Description of Historic Place
The Burying Ground is located on Main Street in Wolfville on the north side of the busy intersection of Main Street and Highland Avenue, just beyond the commercial centre of town. A random-rubble stone wall encloses the entire front side of the cemetery and includes a large wrought iron gate at its entrance. The cemetery grounds, which include some of the oldest trees in Wolfville, consist of several grass-covered interment areas, and separate family burial plots enclosed with stone pillars and iron links. The land, gravestones, wall and fence are included in the provincial designation.
The Burying Ground is valued for its spiritual and cultural significance to the town of Wolfville, with its carved tombstones providing additional historic and artistic value. In essence, the site serves as a record of the lives of the diverse townspeople who have lived in Wolfville since the town was founded. The gravestones signify an enduring association with the past by displaying the epitaphs, symbols, and carvings that chart over two centuries of spiritual life in the community.
After the Congregationalists and Baptists jointly erected a Meeting House in 1776, burials were made adjacent to it, though some may have been buried at this site as early as 1763. In 1829, a new church was built on the site and this was replaced by another in 1860 which in turn was replaced by the present Baptist Church, built in 1912. Throughout this period the adjoining graveyard remained in use, though it ceased after 1882 to be used by the general community with the opening of the Willowbank Cemetery. About 400 individuals are buried in the Burying Ground.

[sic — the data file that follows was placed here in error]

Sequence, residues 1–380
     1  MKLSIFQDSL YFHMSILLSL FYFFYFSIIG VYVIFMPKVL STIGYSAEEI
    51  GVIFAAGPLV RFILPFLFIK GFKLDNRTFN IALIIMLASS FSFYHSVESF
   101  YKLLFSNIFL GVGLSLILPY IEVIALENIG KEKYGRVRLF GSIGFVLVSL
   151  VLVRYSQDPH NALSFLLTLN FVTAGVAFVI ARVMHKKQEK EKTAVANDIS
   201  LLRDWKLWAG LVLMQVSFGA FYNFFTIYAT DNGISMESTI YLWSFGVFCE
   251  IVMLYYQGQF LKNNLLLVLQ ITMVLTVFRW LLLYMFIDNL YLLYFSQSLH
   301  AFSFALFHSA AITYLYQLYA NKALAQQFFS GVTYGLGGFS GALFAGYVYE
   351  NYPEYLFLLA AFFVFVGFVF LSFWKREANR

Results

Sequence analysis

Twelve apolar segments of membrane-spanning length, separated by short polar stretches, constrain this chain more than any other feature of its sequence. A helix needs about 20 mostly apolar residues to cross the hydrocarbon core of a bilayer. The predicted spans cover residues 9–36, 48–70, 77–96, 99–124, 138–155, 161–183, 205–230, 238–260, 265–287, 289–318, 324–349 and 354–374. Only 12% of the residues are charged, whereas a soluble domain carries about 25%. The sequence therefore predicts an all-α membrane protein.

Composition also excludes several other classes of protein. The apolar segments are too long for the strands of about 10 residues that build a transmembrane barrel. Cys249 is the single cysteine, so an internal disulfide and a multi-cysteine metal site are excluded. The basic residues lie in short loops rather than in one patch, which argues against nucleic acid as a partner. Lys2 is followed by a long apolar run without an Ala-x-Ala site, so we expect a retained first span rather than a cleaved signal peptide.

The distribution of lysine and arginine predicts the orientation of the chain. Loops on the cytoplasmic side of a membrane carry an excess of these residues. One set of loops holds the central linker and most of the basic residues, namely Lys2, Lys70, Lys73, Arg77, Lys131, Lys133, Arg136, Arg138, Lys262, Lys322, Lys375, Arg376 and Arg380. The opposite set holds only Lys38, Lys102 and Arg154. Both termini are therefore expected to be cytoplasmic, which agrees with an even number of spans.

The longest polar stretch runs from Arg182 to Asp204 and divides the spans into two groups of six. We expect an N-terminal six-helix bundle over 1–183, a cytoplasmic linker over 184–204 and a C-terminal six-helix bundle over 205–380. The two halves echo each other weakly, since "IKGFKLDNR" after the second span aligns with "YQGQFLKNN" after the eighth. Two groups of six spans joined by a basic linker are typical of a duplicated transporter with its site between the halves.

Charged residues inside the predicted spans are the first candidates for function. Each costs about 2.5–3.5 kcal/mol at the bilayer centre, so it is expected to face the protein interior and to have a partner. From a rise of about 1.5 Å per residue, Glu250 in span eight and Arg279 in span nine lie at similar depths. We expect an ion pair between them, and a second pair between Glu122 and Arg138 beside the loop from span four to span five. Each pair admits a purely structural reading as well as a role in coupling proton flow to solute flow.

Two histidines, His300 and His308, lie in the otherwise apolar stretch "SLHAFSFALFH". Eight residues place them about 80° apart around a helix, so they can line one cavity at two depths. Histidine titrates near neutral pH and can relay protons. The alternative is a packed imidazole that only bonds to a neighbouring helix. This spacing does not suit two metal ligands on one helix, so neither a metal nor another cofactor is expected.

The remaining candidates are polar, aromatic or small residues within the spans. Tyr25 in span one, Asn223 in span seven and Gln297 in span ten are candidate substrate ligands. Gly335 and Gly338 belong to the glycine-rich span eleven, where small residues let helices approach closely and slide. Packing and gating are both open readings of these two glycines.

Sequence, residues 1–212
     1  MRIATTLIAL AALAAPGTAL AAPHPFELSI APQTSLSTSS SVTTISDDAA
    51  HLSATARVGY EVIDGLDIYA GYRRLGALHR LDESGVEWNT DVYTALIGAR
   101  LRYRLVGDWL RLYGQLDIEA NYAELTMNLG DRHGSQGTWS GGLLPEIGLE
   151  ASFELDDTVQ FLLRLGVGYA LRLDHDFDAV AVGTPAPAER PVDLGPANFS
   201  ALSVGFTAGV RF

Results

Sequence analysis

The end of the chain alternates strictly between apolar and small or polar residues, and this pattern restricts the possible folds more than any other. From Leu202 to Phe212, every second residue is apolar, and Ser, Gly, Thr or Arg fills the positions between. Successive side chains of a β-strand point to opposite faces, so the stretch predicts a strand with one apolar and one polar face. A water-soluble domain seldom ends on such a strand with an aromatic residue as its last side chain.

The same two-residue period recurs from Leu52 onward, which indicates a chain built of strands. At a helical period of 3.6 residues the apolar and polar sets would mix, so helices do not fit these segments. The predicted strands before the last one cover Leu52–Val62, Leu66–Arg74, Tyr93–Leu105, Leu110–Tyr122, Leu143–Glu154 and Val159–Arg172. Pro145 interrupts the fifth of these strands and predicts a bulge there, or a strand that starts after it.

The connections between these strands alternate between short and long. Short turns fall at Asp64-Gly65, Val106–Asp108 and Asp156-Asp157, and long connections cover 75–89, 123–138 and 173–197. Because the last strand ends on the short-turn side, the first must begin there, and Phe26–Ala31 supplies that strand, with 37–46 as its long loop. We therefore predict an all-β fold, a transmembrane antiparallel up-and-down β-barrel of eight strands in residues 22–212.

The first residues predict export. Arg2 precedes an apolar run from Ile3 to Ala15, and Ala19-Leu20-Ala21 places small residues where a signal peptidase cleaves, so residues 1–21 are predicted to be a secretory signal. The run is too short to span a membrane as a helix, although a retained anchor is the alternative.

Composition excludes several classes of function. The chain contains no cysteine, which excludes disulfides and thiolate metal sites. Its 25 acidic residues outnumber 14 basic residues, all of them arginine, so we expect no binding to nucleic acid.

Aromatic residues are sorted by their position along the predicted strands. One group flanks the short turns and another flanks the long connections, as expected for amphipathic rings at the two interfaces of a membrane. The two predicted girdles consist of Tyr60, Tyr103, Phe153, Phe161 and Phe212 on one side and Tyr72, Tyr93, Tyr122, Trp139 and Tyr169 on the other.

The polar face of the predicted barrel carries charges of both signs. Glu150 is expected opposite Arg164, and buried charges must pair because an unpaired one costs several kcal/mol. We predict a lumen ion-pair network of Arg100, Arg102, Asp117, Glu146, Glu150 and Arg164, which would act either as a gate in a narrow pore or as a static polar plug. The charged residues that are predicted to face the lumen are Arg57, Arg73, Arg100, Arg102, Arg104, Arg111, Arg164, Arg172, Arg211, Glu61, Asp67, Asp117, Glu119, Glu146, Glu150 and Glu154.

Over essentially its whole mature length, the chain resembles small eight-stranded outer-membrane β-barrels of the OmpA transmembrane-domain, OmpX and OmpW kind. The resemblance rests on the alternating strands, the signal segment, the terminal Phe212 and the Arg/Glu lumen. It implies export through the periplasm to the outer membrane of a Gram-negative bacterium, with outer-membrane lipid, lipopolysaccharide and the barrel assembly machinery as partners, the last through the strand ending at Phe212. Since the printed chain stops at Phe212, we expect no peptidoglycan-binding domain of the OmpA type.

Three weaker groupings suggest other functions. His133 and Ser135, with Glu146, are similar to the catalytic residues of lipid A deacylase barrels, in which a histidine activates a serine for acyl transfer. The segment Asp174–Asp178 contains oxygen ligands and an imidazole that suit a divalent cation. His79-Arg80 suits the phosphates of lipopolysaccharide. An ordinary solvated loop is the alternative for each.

Among the people interred in the cemetery are: Nathan DeWolf (1729-1789), the founder of Wolfville; Peter Bishop (1736-1825), the first minister of the Wolfville Baptist Church; Professor Isaac Chipman, the builder of Acadia University; and Reverend Edmund Albern Crawley (1799-1888), the founder-in-chief of Acadia University, one of its first two professors, and the designer of the first college building.
The Burying Ground is also valued for the primitive folk art designs found on many gravestones, some of which showcase the work of "the Horton Carver" (fl. 1783-1793), who is said to have been Scottish stonecarver James Hay. Many of his sandstone grave markers are unique to the Horton-Wolfville area. The Second Horton Carver's work is featured here as well. His carvings date from 1798 to 1805.
Source: Provincial Heritage Program property files, no. 117, 1747 Summer Street, Halifax, NS.
Character-defining elements of the Burying Ground include:
- random-rubble stone wall with a wrought iron gate entrance;
- mature trees that separate the cemetery from the street and nearby intersection;
- original and historic grave stones and monuments, with their surviving inscriptions;
- grass-covered interment areas, and separate family burial plots enclosed with stone pillars and iron links.